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Various - Bosporus Bridges - A Wide Selection Of Turkish Jazz And Funk 1968-1978 [LP]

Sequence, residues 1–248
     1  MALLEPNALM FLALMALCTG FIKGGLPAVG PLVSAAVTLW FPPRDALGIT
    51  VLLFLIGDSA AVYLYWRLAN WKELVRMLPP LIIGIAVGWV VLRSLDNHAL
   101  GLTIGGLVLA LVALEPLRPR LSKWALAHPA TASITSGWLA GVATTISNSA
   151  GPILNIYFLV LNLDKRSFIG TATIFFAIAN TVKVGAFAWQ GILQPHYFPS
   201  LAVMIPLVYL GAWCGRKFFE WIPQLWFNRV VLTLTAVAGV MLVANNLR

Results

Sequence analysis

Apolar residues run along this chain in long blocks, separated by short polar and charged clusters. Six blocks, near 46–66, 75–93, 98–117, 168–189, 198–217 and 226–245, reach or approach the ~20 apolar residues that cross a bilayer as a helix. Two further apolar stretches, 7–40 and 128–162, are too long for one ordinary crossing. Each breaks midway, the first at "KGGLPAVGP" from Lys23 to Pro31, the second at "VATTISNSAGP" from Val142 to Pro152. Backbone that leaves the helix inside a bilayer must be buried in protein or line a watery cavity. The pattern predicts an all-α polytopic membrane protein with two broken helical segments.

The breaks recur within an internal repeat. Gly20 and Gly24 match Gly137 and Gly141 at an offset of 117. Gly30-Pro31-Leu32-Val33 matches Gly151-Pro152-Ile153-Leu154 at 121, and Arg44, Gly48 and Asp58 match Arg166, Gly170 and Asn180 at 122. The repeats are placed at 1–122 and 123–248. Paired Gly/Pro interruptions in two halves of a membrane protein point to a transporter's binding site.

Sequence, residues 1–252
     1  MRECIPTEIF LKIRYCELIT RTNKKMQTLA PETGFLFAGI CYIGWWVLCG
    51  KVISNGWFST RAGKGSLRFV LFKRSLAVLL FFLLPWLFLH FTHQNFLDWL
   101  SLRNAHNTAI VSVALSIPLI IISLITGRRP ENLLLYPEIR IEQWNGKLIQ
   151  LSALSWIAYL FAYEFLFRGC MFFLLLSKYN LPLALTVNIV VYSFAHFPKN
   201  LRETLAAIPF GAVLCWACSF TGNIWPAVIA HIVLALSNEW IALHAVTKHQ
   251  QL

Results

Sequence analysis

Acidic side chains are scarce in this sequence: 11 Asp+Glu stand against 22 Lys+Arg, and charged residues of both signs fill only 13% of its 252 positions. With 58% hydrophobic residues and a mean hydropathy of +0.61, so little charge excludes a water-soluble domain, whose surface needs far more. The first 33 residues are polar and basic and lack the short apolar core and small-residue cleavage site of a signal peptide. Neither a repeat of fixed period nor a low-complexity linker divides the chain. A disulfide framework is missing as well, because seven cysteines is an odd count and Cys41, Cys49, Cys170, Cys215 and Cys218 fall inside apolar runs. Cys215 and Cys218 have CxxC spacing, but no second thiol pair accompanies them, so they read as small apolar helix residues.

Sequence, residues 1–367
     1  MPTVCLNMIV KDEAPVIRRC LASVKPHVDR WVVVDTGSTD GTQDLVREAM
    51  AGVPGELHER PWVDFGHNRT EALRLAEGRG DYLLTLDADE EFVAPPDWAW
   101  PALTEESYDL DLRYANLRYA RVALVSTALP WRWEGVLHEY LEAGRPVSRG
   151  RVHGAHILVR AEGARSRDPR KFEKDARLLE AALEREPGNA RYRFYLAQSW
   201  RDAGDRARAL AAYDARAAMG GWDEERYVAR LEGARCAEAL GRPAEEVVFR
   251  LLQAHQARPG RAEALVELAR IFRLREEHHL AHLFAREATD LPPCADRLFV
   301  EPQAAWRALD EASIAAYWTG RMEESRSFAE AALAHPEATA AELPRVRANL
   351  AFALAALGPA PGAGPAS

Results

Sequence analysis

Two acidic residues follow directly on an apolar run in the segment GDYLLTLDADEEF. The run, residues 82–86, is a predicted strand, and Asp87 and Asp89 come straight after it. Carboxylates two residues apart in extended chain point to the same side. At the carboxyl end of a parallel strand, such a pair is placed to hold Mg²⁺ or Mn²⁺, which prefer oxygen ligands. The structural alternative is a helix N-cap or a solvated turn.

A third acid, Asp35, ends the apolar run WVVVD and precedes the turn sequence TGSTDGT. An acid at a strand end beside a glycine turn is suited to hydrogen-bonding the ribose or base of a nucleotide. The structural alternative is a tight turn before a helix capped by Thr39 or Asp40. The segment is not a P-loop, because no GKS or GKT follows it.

The TWIMO Records project is the result of 6 years of traveling and record collecting in the meeting points between different music cultures; North Africa, the Bosporus and the far eastern parts of Europe. These two first two releases explores what happened when Western music styles such as modal jazz, bossa nova, fusion and funk met Arabic folk music, tone scales, instrumentation and rhythm structures in the late sixties and seventies in Turkey and Egypt. "Bosporus Bridges" is a compilation of turkish jazz, bossa, psych, fusion and funk compiled by Lasarus and Roskow. Four hundred years ago Turkey was the centre that connected Islamic, Byzantine and Persian music and even at this time Haydn and Mozart fused Persian tone scales and colour of rhytm into their compositions. Modern Turkish music history begins in 1923, when Turkey became a republic and the leader Kemal Atatopened the doors to the western world. Musicians in Turkey first adapted the waltz, but it was the tango from Paris that spread widely and became popular throughout the country. Youth in Istanbul, Izmir and Ankara started tuning the radio to everything that was happening in London and rock arrived in the mid 50s. The first turkish rock music came from armybands under the leadership of officers, but when The Shadows emerged on the scene, the popularity of rock exploded, since Turkish people was used to hearing instrumental music. In 1961 the magazine Ht arranged the competition Altin Mikrofon where the contestants had to arrange a traditional turkish tune or write a turkish song and perform it in a "western style" with electrical instruments. Altin Mikrofon is the godfather of all the turkish rock, psych, funk, fusion and jazz that came after. Western records by Black Sabbath, Ten Years After, Beatles, The Who, Jimmy Smith and James Brown got distribution in Istanbul and Ankara and the scene exploded during the years 61-78 with names like Erkin Koray, Mogollar, Baris Manco, Siluetler, Mavi Isiklar, 3 Hür-El, Selda, Ersen and Mogollar. The blending of the electric loud, arabic percussion, horn instruments and arabic vocals with western jazz and funk rhythm, makes the sound of this forgotten scene unique.